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Fortnightly Magazine - November 2011

Vendor Neutral

(November 2011) Hitachi Power Systems America wins contract from Westar Energy; City of Fort Collins selects Elster, Siemens Energy, eMeter and Tropos GridCom to provide systems for its AMI project; Energate to supply smart thermostats for Oklahoma Gas & Electric; Jackson Municipal Electric Department selects Survalent Technology for a new SCADA system; Eastern Nebraska Public Power District Consortium selects ABB to implement an advanced smart grid-based SCADA; plus announcements and contracts involving EnerSys, S&C Electric, Siemens and others.

Battle Lines:

2011 Groundbreaking Law & Lawyers Survey and Report

Michael T. Burr

With a flurry of major new environmental regulations, the Environmental Protection Agency (EPA) is altering the power generation landscape. But will the new federal rules survive court challenges—to say nothing of next year’s national elections? Fortnightly's Michael T. Burr considers the controversy over new environmental standards. PLUS: Top Utility Lawyers of 2011.

Smart Coaching

Customers won’t join the team unless utilities make it worthwhile.

Michael T. Burr, Editor-in-Chief

Are utilities ready to really engage customers, and get them to care about more than just whether the beer stays cold? Or will we turn our focus away from customers, because we don’t know how to engage them — or how to convert engagement into value?

People

(November 2011) Exelon and Constellation announce post-merger executive lineup; Xcel Energy names new CFO and general counsel; Organization of MISO States elects new officer; plus senior staff changes at FirstEnergy Nuclear Operating, American Electric Power, Alterra Power, and others.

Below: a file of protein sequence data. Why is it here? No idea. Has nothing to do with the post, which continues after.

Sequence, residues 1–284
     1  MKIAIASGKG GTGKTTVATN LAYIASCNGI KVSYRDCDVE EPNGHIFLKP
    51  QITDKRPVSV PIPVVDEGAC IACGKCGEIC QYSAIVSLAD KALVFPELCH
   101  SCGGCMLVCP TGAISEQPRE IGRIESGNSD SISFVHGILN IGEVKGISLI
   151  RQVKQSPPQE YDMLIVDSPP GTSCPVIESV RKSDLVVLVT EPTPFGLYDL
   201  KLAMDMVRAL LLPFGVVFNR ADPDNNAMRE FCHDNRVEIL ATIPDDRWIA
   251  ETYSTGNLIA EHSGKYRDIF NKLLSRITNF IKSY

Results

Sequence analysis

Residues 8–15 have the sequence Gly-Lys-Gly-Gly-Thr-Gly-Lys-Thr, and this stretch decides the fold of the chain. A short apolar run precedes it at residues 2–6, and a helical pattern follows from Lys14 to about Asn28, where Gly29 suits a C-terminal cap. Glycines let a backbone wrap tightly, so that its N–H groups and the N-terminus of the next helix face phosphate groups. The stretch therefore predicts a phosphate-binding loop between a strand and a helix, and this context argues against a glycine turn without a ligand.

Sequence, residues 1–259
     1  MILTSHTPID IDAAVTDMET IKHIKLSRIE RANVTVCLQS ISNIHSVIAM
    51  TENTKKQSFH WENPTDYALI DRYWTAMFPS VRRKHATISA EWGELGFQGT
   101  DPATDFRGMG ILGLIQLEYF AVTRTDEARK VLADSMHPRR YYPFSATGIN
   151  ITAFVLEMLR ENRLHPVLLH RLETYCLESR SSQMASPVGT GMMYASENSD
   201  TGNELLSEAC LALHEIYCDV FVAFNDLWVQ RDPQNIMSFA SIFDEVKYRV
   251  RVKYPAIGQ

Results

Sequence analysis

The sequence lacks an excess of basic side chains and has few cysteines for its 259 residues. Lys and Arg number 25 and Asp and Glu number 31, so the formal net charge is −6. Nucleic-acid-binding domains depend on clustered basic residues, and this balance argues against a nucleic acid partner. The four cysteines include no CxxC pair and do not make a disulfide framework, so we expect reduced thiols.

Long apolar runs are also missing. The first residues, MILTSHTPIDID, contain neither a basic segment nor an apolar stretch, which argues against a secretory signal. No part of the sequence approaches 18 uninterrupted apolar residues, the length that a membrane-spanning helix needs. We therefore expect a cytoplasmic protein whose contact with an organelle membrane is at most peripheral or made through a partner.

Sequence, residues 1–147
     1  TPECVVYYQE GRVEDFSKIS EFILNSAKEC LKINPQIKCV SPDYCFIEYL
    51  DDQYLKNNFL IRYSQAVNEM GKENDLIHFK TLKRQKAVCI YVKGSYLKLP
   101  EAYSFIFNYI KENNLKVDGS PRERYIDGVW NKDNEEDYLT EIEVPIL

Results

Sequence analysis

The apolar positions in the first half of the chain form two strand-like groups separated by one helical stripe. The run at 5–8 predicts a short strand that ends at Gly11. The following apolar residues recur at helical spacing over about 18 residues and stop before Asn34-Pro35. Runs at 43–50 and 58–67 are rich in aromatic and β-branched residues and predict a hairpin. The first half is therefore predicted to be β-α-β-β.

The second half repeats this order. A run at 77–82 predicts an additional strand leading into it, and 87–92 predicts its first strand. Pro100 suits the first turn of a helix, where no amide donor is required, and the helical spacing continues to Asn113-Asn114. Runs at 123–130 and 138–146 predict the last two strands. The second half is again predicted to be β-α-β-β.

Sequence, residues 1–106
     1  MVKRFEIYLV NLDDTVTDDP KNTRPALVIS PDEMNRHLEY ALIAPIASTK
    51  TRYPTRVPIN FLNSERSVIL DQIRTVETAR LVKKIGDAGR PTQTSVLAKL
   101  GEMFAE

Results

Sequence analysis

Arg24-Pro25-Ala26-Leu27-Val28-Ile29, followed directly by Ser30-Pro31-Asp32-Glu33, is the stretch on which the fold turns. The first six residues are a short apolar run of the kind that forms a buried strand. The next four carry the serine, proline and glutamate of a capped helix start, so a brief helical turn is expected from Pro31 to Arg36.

Restoring Financial Balance

With looming mandates and aging infrastructure, utilities need regulatory support.

H. Edwin Overcast

The balance of stakeholder interests in utility ratemaking has shifted over the past decade toward achieving social policy goals. A more sustainable balance is required if utilities and regulators hope to preserve utility service quality and affordability.

Treading Water

Despite market turmoil, state commissions refuse calls for an ROE boost.

Phillip S. Cross

(November 2011) Our annual survey of rate cases shows that despite volatility in financial markets, state regulators are holding utilities to a high standard for boosting their returns on equity (ROE). The latest data is added to Fortnightly.com's exclusive online ROE survey database, the largest free source of rate case information anywhere on the Web.

Bench Report: Top Ten Legal Decisions of 2011

Bruce W. Radford 

1. ‘Policy’ Guides the Grid; 2. Carbon Not a Nuisance (Yet); 3. Gigabucks for Negawatts; 4. A MOPR, Not a NOPR; 5. Ramp Up the Frequency; 6. Cap-and-Trade Still Lives; 7. Cyber Insecurity; 8. Korridor Killer; 9. The Burden Not Shared; 10. Ozone Can Wait.

EPA's Winding Road

How we got here and what to expect.

Jean Agras

New air quality regulations, including the Cross-State Air Pollution Rule, have prompted substantial investments in emission control upgrades. But a series of additional standards—for mercury, toxins, cooling water and ash residue—are driving delays and shutdowns in the coal-fired power fleet. Investment decisions depend on a clear understanding of where EPA is headed, and how the new regulations will affect generators’ costs—and market prices.

Greenhouse Chill

Has the Supreme Court frozen climate change litigation?

Wansheng Jerry Liu and David Restaino

The Supreme Court’s decision in American Electric Power v. Connecticut strongly limits private nuisance actions against greenhouse gas (GHG) emitters by keeping these cases out of federal court. But the AEP decision won’t stop lawmakers from enacting new GHG regulations, and it won’t prevent plaintiffs from suing emitters in state courts.

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